ng prorogued, that it could not join in the application of the Congress; but had there been need of resorting to arms, the whole force of North Carolina was ready to join in protecting the rights of the continent. Gadsden to Garth, Dec. 1765. It was the same throughout the country. Wherever a jealousy was roused, that a stamp officer might exercise his functions, the people were sure to gather about him, and compel him to renew his resignation under oath, or solemnly before witnesses. Tryon to Conway, 26 Dec. The colonies began also to think of permanent chap. XIX.} 1765. Nov union. join or die became more and more their motto. At Windham, in Connecticut, the freemen, in a multitudinous assembly, agreed with one another, to keep up, establish, and maintain the spirit of union and liberty; and for that end they recommended monthly county conventions, and also a general meeting of the colony. At New London, the inhabitants of the county of Dec. that name, holding a ma
ved also to raise irregulars, of one sort or other, in America. The sort of irregulars he had in his mind, he explained in a letter to Carleton, who was just then expected to arrive at Quebec from England. I ask your opinion, wrote he, what measures would be most efficacious to raise a body of Canadians and Indians, and for them to form a junction with the king's forces in this province. The threat to employ the wild Indians in war against the colonists, had been thrown out at the time of Tryon's march against the Regulators of North Carolina, and may be traced still further back, at least to the discussions in the time of Shirley on remedies for the weakness of British power. This is the moment when it was adopted in practice. The com- Chap. X.} 1774. Sept. mission to Carleton, as governor of the province of Quebec under the act of parliament, conveyed full authority to levy, arm, and employ not the Canadians only, but all persons whatsoever, including the Indian tribes from t
nt. It permitted the assembly to employ, as its own Chap. XIX.} 1775 Jan. agent, Edmund Burke, whose genius might inspire hope to the last. In the name of the ministry, it lavished promises of favor and indulgence; extended the boundaries of the province at the north to the Connecticut river; and contrary to the sense of right of Lord Dartmouth, supported the claims of New York speculators to Vermont lands against the New Hampshire grants, under which populous villages had grown up. Both Tryon and Golden professed, moreover, a sincere desire to take part with the colony in obtaining a redress of all grievances, and an improvement of its constitution; and Dartmouth himself was made to express the hope of a happy accommodation upon some general constitutional plan. Such a union with the parent state, the New York committee declared to be the object of their earnest solicitude; even Jay held nothing in greater abhorrence than the malignant charge of aspiring after independence. If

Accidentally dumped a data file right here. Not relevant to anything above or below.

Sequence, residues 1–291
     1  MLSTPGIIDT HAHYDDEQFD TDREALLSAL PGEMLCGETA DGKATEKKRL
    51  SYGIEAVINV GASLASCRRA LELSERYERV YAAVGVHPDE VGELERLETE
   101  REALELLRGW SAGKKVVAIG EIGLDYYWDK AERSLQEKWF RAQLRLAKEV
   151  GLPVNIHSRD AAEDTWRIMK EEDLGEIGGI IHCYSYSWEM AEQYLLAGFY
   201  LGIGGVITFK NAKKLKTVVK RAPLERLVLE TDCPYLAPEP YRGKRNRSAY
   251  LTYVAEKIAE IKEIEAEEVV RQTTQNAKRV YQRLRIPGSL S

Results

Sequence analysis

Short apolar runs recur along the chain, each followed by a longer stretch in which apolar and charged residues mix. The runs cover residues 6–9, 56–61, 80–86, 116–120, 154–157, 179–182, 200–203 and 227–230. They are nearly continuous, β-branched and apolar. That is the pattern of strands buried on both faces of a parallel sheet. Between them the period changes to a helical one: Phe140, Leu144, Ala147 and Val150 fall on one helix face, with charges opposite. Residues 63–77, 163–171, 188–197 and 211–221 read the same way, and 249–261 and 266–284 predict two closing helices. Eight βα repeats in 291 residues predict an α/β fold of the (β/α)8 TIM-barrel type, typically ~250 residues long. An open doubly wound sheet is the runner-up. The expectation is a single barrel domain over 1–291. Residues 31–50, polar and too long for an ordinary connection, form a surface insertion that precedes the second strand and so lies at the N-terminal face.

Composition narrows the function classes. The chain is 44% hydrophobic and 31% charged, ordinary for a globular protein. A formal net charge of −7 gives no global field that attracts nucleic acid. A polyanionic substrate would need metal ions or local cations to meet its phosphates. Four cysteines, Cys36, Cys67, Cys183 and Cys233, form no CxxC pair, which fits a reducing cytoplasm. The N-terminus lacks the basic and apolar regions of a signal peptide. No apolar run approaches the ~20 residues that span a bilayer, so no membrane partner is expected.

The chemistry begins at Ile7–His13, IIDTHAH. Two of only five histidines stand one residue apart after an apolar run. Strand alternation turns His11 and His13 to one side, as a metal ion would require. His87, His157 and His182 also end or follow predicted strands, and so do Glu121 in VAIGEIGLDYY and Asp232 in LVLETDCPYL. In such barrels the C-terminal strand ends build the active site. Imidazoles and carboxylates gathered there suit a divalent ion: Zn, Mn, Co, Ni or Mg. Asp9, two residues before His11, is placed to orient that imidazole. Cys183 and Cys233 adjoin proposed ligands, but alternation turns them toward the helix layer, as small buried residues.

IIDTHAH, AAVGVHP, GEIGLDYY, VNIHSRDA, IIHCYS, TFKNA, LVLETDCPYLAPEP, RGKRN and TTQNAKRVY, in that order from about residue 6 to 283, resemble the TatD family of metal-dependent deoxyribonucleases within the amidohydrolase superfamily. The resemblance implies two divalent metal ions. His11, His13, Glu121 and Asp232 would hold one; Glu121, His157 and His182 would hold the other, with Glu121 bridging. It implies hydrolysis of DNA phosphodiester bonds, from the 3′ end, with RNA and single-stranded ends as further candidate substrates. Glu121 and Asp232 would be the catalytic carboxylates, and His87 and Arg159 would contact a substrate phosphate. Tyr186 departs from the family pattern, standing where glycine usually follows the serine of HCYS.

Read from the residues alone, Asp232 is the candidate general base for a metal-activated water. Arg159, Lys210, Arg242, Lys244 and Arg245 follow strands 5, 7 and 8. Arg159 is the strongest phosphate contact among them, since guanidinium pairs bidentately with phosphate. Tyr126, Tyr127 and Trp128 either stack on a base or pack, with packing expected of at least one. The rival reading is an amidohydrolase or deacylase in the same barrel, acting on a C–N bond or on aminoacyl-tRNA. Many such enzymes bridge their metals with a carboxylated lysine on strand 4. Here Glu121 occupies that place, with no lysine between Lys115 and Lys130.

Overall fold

lf-sacrifice, he might unbar the gates of light for mankind. On Sunday, the twenty fifth, all New York was in motion. Tryon, the royal governor, who had arrived the day before, was to land from the harbor; and Washington, accompanied by Lee and ll ages and both sexes, bent their eyes on him from the housetops, the windows, and the streets. Night had fallen before Tryon landed. Met by a company which he himself had commissioned, and by a few of the magistrates in military costume, he was y owned that the province would fall behind none in opposition to the king and parliament. Amazed and dejected at heart, Tryon masked his designs under an air of unconcern, and overflowed with bland professions. Washington, who instantly penetratehuyler, lulled by words of mildness which concealed the most wary and malignant activity, soon reported confidently, that Tryon would create no trouble. On the twenty-sixth, the provincial congress of New York, in their address to Washington, fro
ed Montgomery as a delegate to the first provincial convention in New York, where he distinguished himself by unaffected modesty, promptness of decision, and soundness of judgment. On receiving his appointment as brigadier general he reluctantly bade adieu to his quiet scheme of life; perhaps, he said, for ever, but the will of an oppressed people, compelled to choose between liberty and slavery, must be obeyed. On the sixth of August, from Albany, he advised Chap. LII.} 1775. Aug. that Tryon, whose secret designs he had penetrated, should be conducted out of the way of mischief to Hartford. He reasoned justly on the expediency of taking possession of Canada, as the means of guarding against Indian hostilities, and displaying to the world the strength of the confederated colonies; it was enlarging the sphere of operations, but a failure would not impair the means of keeping the command of Lake Champlain. Summoned by Schuyler to Ticonderoga, he was attended as far as Saratoga by
1 2